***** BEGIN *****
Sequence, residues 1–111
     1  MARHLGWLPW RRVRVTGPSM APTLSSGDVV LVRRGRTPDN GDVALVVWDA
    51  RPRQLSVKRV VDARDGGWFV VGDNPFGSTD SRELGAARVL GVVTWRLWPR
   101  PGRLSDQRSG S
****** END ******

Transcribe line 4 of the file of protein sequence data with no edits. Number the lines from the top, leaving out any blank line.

   101  PGRLSDQRSG S